We need to rekindle that dynamic. Some have said that it is time for a shareholder spring or awakening, and there have been some suggestions recently that certain company shareholders, at the annual general meetings and elsewhere, have begun to ask fundamental questions of the senior executives. It is the mismatch between the power that senior executives can have and the lack of power of—paradoxically—the owners of some of these large companies that needs addressing. In legislative terms, we often have debates about firm rules and fixed ways of doing business. Obviously, it would be preferable if the dynamic between owners and managers were able to ensure that we had a healthier, more open and transparent way of doing business.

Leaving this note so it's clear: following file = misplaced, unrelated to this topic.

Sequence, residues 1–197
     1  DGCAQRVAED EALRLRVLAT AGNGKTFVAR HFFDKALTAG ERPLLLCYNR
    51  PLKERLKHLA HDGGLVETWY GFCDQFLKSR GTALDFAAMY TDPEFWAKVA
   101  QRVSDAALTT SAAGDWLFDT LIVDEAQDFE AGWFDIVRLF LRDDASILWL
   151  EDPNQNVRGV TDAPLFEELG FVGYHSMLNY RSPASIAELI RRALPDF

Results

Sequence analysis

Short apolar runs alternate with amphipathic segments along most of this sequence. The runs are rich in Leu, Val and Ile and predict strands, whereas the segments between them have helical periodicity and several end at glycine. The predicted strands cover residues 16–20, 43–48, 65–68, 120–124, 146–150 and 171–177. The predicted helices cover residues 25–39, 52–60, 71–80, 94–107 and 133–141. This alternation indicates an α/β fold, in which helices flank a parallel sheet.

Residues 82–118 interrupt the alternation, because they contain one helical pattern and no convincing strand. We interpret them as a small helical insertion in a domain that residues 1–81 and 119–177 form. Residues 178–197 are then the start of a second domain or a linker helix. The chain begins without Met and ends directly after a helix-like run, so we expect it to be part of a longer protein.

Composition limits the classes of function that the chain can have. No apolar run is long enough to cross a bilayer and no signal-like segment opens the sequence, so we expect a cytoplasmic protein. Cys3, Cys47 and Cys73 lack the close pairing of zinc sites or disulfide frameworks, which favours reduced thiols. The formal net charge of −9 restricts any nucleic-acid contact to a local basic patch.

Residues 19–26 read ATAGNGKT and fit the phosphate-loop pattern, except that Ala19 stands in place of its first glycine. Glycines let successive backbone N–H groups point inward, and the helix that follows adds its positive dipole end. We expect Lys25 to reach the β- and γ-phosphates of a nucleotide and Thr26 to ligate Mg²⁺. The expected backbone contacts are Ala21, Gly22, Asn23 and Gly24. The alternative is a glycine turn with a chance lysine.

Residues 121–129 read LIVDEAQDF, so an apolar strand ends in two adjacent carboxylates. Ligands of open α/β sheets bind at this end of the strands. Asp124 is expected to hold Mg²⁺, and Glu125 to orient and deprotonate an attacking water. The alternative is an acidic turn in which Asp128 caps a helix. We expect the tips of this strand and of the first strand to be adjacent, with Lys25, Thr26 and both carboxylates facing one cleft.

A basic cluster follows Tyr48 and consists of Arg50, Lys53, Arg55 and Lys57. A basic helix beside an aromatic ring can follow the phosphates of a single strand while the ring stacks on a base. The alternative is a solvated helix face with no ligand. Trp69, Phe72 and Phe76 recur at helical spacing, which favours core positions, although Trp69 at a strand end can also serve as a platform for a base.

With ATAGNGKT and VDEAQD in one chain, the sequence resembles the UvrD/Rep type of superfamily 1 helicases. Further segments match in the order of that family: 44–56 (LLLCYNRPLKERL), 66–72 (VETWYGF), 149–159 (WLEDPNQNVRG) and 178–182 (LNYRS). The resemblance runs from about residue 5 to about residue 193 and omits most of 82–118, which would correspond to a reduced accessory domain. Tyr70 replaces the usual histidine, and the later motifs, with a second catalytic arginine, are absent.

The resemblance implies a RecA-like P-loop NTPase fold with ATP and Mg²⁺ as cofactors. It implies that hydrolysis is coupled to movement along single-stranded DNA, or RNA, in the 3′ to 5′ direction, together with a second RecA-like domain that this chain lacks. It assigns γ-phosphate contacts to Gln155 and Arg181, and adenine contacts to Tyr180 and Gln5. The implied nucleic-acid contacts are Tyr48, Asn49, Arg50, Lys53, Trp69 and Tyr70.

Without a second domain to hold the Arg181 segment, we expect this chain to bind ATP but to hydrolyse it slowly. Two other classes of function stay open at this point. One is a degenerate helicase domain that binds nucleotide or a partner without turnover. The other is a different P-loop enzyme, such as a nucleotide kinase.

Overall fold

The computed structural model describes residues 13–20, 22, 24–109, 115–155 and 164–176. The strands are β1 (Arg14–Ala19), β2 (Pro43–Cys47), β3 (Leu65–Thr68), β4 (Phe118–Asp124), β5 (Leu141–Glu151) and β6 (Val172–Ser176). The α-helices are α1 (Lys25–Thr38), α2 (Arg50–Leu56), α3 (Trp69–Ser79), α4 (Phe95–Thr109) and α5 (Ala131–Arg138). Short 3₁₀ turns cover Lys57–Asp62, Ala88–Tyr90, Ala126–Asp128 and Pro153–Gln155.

I commend those institutional investors who show an active interest in how they use the voting rights of their investors and use that leverage to try and influence positive corporate behaviour by the relevant companies. It must be tempting for many institutional investors, when faced with a company perhaps with a management dysfunction or some behavioural failing, to sell up and walk away from that company. That is too often the history of such shareholding. It would often be far better if shareholders, as owners, could stay and try to fix the culture of the organisations that they own. It is that sort of change that we need to find a way of addressing. Yes, some shareholders will not want to say publicly that they disagree with senior executives, because that could affect the share price and they would therefore be affecting their own financial interests in some ways, but there are several ways in which institutional investors need to have the ability, directly or indirectly, to influence what is going on.